Achieving Community Together, a forward-thinking community-based group in Parkland County’s Tri-Region, came up with a clever strategy a few years ago: #TriActiveTravel. The message was simple: if you haven’t ever tried walking or wheeling to local destinations, there’s no time like the present! Those trialists then were invited to share back their experiences during weekly Friday morning coffee meet ups, another initiative that the group devised to build healthy social connections. Throughout this campaign, initiative leaders walked and wheeled Tri-Region sidewalks, pathways, and roads, rewarding walkers and wheelers they came across with #TriActiveTravel t-shirts to help spread the word that active travel was indeed something worth trying. A simple, fun, and effective way to get more folks engaged in wheeling and walking and to help more neighbours and friends find the benefits.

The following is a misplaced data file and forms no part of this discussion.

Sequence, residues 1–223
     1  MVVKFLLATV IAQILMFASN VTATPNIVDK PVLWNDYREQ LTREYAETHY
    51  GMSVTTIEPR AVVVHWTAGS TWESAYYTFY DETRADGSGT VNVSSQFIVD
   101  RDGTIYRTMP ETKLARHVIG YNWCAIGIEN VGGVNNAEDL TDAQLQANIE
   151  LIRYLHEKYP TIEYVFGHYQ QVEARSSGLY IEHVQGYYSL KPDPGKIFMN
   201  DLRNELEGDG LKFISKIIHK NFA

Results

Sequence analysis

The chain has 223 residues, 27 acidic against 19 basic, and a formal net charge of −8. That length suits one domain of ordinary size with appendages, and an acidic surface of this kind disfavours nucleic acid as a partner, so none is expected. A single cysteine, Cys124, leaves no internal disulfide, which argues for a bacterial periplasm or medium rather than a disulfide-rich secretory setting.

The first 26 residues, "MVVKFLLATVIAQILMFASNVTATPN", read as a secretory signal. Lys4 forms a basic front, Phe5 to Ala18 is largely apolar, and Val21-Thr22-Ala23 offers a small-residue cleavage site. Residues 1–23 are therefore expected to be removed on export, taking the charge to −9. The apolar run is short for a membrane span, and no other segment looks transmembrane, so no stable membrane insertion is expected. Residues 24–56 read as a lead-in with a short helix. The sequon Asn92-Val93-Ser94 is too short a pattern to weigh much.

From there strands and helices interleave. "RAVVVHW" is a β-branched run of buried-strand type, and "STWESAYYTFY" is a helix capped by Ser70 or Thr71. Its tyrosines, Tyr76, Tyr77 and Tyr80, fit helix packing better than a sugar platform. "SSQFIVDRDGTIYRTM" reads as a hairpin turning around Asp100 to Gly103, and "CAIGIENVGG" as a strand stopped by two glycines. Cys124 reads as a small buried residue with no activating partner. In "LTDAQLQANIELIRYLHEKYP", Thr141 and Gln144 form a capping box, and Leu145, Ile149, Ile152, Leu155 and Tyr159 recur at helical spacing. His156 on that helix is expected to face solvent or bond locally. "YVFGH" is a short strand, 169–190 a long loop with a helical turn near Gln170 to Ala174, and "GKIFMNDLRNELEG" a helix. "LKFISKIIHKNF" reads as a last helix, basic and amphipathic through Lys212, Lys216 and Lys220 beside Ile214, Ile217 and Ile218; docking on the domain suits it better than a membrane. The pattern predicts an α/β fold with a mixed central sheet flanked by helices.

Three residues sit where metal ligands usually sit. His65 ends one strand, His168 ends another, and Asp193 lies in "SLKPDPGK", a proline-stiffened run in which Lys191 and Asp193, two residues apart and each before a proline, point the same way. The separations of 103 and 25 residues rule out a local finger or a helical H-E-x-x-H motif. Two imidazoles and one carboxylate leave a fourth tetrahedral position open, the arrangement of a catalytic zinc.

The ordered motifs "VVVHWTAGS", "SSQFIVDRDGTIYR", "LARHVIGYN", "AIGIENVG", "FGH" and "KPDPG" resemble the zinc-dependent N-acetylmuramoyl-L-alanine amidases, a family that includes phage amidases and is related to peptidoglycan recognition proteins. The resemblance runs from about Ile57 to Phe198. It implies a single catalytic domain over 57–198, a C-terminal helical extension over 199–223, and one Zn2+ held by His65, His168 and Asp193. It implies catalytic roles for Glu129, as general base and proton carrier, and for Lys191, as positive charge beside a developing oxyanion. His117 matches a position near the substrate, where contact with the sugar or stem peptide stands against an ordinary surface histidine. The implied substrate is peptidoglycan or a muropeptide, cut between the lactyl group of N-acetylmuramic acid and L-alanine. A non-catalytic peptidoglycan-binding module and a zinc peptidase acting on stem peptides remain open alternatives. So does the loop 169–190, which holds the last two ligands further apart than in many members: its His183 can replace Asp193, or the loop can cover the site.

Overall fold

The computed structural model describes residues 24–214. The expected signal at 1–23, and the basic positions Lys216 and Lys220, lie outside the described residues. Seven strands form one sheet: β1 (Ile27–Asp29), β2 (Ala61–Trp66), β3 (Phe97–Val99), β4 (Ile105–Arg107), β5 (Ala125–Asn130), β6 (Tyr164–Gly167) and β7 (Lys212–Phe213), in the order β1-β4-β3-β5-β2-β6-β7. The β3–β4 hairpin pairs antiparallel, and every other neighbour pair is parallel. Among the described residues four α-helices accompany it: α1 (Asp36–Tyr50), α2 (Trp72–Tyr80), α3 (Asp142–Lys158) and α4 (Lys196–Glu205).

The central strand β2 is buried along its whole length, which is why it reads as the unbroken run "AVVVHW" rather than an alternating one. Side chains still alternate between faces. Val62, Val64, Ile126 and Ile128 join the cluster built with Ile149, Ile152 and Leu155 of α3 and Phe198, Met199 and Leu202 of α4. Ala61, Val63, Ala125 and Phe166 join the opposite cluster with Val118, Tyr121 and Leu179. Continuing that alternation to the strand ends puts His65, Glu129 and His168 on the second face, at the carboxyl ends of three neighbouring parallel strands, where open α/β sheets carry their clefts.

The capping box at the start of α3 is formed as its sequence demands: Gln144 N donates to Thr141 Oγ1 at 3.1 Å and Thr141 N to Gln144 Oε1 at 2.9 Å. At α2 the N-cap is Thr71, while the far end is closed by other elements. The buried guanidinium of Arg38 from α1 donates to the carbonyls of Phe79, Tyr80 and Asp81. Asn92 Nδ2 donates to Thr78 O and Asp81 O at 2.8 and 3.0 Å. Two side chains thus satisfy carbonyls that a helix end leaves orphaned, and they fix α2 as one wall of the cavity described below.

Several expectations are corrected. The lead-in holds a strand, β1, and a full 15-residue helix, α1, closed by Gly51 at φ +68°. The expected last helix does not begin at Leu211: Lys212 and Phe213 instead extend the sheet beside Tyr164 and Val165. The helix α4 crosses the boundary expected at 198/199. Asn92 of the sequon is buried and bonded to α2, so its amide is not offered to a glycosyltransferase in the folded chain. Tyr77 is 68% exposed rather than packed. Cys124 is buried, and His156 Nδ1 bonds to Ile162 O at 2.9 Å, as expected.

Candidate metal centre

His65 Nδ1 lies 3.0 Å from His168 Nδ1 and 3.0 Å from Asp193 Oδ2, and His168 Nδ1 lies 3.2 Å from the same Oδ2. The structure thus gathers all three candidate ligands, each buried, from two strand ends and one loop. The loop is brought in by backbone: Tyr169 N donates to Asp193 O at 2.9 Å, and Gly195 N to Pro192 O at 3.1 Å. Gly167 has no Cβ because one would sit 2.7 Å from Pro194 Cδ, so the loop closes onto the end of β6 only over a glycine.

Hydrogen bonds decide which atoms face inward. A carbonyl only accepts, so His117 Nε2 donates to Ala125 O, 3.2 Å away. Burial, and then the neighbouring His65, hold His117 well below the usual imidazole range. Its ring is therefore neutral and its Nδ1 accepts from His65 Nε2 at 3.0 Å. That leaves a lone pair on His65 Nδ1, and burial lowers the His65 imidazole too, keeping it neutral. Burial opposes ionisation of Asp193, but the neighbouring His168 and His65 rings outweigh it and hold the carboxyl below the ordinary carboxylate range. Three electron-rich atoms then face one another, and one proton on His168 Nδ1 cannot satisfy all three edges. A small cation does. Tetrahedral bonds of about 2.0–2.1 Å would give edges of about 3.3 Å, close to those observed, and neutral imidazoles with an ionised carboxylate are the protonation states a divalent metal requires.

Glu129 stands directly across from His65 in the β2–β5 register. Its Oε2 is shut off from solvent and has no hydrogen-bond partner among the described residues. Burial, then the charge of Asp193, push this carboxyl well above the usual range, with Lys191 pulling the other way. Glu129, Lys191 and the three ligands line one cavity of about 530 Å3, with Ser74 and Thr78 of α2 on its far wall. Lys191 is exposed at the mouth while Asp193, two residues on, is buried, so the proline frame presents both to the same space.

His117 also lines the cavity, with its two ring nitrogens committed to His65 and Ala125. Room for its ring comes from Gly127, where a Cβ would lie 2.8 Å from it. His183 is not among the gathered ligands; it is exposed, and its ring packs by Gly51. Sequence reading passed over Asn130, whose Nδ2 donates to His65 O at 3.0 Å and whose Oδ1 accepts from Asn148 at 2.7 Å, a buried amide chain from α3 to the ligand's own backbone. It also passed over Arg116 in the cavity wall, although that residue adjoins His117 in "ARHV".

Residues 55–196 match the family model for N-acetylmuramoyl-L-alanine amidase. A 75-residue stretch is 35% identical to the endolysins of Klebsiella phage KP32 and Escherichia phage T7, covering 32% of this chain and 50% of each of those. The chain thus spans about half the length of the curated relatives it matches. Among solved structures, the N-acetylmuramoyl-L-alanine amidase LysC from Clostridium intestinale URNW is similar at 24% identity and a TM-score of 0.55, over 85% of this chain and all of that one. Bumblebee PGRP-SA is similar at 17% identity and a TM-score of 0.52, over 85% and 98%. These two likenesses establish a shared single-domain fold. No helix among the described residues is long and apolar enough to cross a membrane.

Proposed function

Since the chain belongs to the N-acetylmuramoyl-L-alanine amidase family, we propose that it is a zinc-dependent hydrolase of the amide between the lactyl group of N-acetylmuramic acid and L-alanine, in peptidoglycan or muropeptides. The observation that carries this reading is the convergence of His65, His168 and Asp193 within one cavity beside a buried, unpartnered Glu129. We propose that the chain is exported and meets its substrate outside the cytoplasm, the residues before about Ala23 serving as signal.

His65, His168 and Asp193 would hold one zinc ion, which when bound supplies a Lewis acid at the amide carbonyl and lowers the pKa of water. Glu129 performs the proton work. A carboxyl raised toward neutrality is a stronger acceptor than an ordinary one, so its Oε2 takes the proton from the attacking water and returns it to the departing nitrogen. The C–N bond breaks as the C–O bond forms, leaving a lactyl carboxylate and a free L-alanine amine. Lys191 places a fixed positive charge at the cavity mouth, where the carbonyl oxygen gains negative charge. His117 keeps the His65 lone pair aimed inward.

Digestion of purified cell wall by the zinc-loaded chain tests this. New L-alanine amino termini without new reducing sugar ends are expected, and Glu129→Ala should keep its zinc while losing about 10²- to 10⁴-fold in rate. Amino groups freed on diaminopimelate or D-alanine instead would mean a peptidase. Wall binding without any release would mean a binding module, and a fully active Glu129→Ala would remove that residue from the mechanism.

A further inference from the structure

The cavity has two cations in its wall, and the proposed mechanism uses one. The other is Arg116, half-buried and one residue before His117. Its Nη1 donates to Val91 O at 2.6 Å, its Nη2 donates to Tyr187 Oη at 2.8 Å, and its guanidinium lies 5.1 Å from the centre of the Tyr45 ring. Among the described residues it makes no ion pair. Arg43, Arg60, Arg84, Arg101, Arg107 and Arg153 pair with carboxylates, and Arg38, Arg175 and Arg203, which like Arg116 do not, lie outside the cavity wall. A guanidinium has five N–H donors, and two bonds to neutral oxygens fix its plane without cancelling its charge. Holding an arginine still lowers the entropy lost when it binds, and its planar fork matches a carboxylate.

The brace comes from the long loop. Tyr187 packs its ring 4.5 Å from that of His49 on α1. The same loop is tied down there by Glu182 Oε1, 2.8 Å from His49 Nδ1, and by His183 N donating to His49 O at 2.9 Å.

Of course, not everyone is quite ready to get on (their) bikes and ride (thank you, Queen). All of us have to be presented with the opportunity to learn how. For many, this is something that is usually done at home on owned or borrowed, new or new-to-us equipment, thanks to the patient teachings of parents, caregivers, relatives, neighbours and friends. Others are self-taught. Some rely on the expertise of local Learn to Cycle programs. What matters is that the opportunity to try exists. I remember my first bike, a blue cruiser with kick brakes, that was given to me, my older sister, and my older brother when I turned six years old. Yes, this bike-share experience came with some falls (let’s face it – I was self-taught and the bike was a pinch too big for me) and occasions of being in unfamiliar surroundings (yes, I was six but it was the ‘70s), but that’s all part of coming into your own as a cyclist. I was creating my cycle story, and I wouldn’t have been able to do that if I wasn’t given that chance.